Translating The Gruffalo into Orcadian

I began an Orkney translation of Julia Donaldson’s children’s classic The Gruffalo last December, just for pure fun. I love the original text, and used to read it with both of my bairns when they were peedie. I also love James Robertson’s version, The Gruffalo in Scots. This Gruffalo is much closer to Orkney language than the original is, but there are words and soonds in the Scots version that somehow just aren’t right for Orkney. We certainly speak Scots in Orkney, but it’s a pretty distinct variety. ‘A moose took a dauner through the deep, mirk widd/ A tod saw the moose and the moose looked guid’ is pure Scots poetry, but we don’t say ‘guid’ in Orkney, and we wouldn’t say ‘tod’ for ‘fox’ either, so these lines had to change completely. In the end, The Orkney Gruffalo began ‘A moose teuk a dander through the grimly trees/ A fox saa the moose, an thowt You’ll feed me!‘ 

The translation goes deep intae wur community and history, but it hid tae remain contemporary.

Working through the text posed a number of challenges, and began to show me what Orkney language is capable of when you really push it. The moose is peedie, the gruffalo is muckle – already we’re in the realms of Viking language. When we say moose, it’s the same as Norwegian mus – the older northern form of the word that became corrupted in the sooth. The Gruffalo can only be described as a baest – one of the words we use in Orkney for a ku – because Orkney has more kye per hectare than anywhere else in Europe. Playing with contemporary idiom is great fun, too, so the moose says 'Beuy, dae ye no ken?' And isn’t ken the same in Orkney, Norway and Germany?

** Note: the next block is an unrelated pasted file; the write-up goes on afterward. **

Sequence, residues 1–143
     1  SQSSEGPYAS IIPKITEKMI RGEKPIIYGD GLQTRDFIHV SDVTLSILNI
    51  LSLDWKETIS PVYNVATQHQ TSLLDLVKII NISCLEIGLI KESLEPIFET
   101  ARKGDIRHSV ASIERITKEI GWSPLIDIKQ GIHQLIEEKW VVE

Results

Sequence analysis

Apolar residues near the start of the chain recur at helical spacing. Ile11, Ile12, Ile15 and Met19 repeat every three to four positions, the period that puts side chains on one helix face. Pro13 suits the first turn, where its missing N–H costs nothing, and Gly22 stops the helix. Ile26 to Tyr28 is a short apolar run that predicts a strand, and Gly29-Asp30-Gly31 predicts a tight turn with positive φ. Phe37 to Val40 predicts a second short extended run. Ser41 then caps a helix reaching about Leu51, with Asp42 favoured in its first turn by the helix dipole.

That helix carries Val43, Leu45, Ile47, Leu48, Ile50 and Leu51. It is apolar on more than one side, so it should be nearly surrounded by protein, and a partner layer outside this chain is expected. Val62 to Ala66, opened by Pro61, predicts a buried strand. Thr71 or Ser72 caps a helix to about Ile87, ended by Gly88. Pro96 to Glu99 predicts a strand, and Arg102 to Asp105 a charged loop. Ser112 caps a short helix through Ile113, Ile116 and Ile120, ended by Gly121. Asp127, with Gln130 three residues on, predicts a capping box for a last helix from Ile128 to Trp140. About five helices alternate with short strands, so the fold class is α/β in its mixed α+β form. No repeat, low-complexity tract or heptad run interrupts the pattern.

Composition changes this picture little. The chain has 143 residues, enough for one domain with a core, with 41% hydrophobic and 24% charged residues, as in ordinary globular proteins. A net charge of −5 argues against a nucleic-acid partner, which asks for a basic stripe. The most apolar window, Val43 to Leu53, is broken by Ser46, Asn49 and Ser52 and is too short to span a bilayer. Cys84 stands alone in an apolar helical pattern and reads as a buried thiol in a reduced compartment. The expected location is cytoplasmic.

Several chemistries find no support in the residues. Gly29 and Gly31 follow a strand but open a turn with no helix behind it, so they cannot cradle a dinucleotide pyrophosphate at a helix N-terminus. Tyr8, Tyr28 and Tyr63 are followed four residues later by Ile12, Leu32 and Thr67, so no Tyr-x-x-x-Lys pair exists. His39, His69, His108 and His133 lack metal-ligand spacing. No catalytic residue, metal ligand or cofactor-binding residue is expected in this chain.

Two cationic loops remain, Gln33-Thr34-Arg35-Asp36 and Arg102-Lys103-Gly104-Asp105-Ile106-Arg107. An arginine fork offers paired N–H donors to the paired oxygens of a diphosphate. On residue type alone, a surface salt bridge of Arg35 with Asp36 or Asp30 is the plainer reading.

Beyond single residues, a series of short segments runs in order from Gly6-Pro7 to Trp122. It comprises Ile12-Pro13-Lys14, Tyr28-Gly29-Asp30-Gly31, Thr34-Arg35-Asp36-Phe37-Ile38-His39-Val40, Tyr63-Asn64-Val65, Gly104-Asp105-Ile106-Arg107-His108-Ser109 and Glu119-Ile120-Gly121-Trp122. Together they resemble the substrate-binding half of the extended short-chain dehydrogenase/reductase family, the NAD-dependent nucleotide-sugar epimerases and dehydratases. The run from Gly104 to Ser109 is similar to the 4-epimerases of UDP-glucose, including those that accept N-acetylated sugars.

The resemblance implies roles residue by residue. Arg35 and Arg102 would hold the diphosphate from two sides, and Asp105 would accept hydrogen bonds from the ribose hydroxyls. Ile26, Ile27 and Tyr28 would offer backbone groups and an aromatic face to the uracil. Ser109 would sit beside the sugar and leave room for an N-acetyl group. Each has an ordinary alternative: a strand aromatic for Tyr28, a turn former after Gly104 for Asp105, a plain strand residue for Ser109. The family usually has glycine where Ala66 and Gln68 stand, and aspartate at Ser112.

The grammar is different, too. In Orkney, it’s grammatically correct to say ‘His eyes is orange’. The verb ‘is’ agrees correctly with the noun ‘eyes’. Orkney language has its own consistent grammar and follows its own rules. Likewise, the first person possessive pronoun in Orkney is ‘me’, as in 'me puggie is rummlan'. How many folk have been told off over the years for using ‘incorrect’ language like this? It’s good to celebrate diversity, and to recognise the historical pedigree of this stuff. Wur language is rare, and unique.

And whar dis aal this language come fae? I don’t tend tae use the owld Orkney pronoun ‘hid’ much mesel, but I ken folk who say it aal the time, and it felt right at places in the translation. And when the moose sterts tae get hungry, it wis a bairn in the Shapinsay school who reminded me o the word puggie. Then I minded on a story me grannie telt me aboot a boy fae Copinsay who described a previous night’s thunder tae her wan day – Hid rummled an rummled – hence me puggie is rummlan. So the translation goes deep intae wur community and history, but it hid tae remain contemporary. 

Hou faer could I push the translation waeoot it becoman a heritage piece? Weel, there’s no words in it that I hivna heard used in Orkney in the last year. An that includes slightly rarer words like neb, grimly, splet or baelan, words that are a bit less common these days, but are still very much alive. There’s also contemporary stuff here, too. This cool moose eats good maet. An aal kinds o things are made intae tasty nuggets these days; fae chicken tae alligator, so why no Gruffalo?

Anyway, I hope you’ll enjoy The Orkney Gruffalo, and that ye’ll enjoy readin it tae your bairns or grandbairns. It’s published by Itchy Coo on October 21st. Copies – signed by the translator – are available from Robert M. Hall’s shop in Willowburn Road, Kirkwall.

Find out more about reading Scots to children, and variations of the Scots tongue with our 5 Books with Scots Regional Dialects booklists.

Simon Hall

Simon Hall is the author of the award-winning The History of Orkney Literature, and a leading advocate for the Scots language, writing on the subject for The Herald, TESS and many other publications. Head over to Simon’s blog to find out more, including a hugely popular recording of Simon reading The Orkney Gruffalo.